• "Any nation that works its women is damned," once wrote Woods Hutchinson. The nation that works its children, one is tempted to add, is committing suicide. Loud-mouthed defenders of American democracy pay no attention to the strange fact that, although "the average education among all American adults is only the sixth grade," every one of these adults has an equal power at the polls. The American nation, with all its worship of efficiency and thrift, complacently forgets that "every child defective in body, education or character is a charge upon the community," as Herbert Hoover declared in an address before the American Child Hygiene Association (October, 1920): "The nation as a whole," he added, "has the obligation of such measures toward its children... as will yield to them an equal opportunity at their start in life. If we could grapple with the whole child situation for one generation, our public health, our economic efficiency, the moral character, sanity and stability of our people would advance three generations in one." The great irrefutable fact that is ignored or neglected is that the American nation officially places a low value upon the lives of its children. The brutal truth is that CHILDREN ARE CHEAP. When over-production in this field is curtailed by voluntary restriction, when the birth rate among the working classes takes a sharp decline, the value of children will rise. Then only will the infant mortality rate decline, and child labor vanish. Investigations of child labor emphasize its evils by pointing out that these children are kept out of school, and that they miss the advantages of American public school education. They express the current confidence in compulsory education and the magical benefits to be derived from the public school. But we need to qualify our faith in education, and particularly our faith in the American public school. Educators are just beginning to wake up to the dangers inherent in the attempt to teach the brightest child and the mentally defective child at the same time. They are beginning to test the possibilities of a "vertical" classification as well as a "horizontal" one. That is, each class must be divided into what are termed Gifted, Bright, Average, Dull, Normal, and Defective. In the past the helter-skelter crowding and over-crowding together of all classes of children of approximately the same age, produced only a dull leveling to mediocrity. [Margaret Sanger]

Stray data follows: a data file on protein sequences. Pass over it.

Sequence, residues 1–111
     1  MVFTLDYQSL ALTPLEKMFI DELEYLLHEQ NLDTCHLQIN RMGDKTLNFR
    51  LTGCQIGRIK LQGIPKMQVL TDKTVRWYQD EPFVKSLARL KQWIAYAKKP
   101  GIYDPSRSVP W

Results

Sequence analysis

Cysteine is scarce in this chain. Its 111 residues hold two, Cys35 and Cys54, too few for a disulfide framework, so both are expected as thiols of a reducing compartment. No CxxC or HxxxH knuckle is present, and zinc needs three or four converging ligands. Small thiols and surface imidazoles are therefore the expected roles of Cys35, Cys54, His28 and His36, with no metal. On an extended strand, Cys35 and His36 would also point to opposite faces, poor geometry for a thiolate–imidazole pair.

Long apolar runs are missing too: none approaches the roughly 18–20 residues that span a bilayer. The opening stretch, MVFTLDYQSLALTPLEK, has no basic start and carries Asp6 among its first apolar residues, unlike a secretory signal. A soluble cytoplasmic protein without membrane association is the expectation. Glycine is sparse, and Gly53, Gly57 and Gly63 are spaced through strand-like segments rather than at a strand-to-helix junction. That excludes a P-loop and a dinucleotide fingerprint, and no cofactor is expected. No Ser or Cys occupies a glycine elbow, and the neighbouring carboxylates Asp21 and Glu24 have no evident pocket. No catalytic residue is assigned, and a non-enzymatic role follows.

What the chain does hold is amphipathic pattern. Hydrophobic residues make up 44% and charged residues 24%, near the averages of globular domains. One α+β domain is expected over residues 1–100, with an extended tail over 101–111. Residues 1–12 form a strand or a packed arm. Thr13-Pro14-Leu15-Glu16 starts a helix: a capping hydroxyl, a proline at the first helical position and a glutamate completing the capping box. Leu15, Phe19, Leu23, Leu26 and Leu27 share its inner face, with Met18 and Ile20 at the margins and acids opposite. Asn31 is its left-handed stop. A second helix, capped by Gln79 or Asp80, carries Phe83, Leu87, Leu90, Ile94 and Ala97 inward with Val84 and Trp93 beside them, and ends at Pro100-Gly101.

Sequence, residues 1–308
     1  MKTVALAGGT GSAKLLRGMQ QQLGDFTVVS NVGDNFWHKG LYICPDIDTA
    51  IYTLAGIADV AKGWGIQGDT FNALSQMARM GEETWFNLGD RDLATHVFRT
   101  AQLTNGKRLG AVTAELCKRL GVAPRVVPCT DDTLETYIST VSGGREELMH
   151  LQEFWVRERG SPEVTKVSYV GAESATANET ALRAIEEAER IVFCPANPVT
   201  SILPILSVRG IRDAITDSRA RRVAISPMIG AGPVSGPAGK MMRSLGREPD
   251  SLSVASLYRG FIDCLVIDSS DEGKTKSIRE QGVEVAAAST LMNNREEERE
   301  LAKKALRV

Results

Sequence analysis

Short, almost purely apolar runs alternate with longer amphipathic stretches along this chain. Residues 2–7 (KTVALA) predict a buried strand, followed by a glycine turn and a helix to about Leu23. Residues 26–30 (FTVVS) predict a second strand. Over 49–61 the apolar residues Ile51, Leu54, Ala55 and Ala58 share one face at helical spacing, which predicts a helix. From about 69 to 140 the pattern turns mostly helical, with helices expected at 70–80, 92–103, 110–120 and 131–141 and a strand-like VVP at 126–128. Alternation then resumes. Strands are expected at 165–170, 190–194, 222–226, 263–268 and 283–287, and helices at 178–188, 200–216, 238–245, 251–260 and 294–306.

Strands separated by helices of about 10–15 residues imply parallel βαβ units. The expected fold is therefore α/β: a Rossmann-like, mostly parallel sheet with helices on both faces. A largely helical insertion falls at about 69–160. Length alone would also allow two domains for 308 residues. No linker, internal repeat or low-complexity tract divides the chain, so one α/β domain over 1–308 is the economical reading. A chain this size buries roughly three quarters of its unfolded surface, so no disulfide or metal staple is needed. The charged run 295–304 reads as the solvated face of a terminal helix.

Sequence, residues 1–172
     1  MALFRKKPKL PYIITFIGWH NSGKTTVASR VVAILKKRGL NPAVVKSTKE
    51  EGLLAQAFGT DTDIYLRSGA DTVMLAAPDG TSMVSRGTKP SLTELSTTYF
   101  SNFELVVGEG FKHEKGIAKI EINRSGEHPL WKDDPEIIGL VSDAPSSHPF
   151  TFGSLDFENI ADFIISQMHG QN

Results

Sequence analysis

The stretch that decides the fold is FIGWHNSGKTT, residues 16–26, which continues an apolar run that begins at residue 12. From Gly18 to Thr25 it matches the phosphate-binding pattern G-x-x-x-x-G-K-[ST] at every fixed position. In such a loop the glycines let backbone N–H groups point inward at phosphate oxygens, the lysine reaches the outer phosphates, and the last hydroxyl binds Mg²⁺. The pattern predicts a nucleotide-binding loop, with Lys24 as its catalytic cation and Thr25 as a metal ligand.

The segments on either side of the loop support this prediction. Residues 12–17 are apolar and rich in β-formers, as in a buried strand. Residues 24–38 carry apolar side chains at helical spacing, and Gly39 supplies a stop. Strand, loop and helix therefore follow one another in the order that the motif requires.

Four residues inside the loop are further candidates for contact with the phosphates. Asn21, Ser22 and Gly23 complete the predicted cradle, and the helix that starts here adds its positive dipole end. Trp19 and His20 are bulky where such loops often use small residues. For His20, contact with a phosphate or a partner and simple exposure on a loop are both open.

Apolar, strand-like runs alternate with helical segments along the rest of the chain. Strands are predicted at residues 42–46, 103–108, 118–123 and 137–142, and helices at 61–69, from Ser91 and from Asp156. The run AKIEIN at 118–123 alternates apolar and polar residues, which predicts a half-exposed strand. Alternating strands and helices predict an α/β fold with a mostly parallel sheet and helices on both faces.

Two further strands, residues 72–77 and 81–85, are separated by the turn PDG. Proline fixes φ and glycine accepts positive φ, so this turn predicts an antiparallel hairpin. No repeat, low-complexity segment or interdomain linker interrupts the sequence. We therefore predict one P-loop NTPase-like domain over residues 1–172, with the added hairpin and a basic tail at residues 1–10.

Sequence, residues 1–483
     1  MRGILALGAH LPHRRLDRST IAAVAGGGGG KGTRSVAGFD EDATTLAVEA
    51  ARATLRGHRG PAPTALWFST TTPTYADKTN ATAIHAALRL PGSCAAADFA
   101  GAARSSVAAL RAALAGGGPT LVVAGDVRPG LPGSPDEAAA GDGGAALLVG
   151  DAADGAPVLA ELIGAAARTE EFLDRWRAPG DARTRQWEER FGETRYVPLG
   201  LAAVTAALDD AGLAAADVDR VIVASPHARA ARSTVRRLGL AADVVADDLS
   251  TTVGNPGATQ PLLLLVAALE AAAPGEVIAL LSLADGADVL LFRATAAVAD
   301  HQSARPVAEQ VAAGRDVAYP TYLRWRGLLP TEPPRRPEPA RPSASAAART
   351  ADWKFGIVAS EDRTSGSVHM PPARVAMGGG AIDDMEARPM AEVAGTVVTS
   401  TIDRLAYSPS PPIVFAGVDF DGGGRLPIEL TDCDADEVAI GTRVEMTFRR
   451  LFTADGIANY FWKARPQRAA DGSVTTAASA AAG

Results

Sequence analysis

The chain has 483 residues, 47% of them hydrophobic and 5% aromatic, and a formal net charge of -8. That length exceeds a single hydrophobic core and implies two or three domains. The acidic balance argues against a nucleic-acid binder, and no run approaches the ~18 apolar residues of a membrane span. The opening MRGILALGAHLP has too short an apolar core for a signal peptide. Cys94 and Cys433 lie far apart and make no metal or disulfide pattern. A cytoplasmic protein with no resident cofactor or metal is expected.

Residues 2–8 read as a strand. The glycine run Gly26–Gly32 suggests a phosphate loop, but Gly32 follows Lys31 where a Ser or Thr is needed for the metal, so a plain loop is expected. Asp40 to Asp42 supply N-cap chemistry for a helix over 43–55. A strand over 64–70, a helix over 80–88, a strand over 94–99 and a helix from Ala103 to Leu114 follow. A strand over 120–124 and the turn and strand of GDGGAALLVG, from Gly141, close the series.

• After the Minsky moment, whatever is used to settle debts (i.e. cash) becomes extremely scarce. This is why the panics are worth waiting for. Note that most of these bargains are not being sold "voluntarily". Owners of insolvent enterprises always want to extend and pretend. They talk about the "option value" of their far, far out of the money equity claims. The forced selling happens via lender foreclosure, but also via open-ended investment vehicles like mutual funds, where redemptions force the managers to sell the investments indiscriminately. The scarcity of cash results in lots and lots of political conflict over the value of money, which is part of a broader political conflict between creditors and debtors. Creditors need to be careful about thinking they have debtors cornered. Debtors outnumber creditors, so the rules can be changed. Drawing out the foreclosure process buys debtors time for reflation to rescue their claims. Another rule change is devaluation, which first was by going off the gold standard and then was through money printing. The post-2009 restructuring (no public auctions, quantitative easing) seemed to be designed to make sure that only the elites could get the benefit of the reflation. They weren't going to allow more Beals. [CBS]


Chris DeMuth Jr said...

Initial Serum Ferritin Predicts Number of Therapeutic Phlebotomies to Iron Depletion in Secondary Iron Overload is fascinating. I give blood as often as available both philanthropically and also to lower iron and thin the blood. My diet is pretty high on iron and blood donation helps.

CP said...

Chris, glad to hear you are on the iron removal bandwagon. Do you get your ferritin tested? (Just curious.)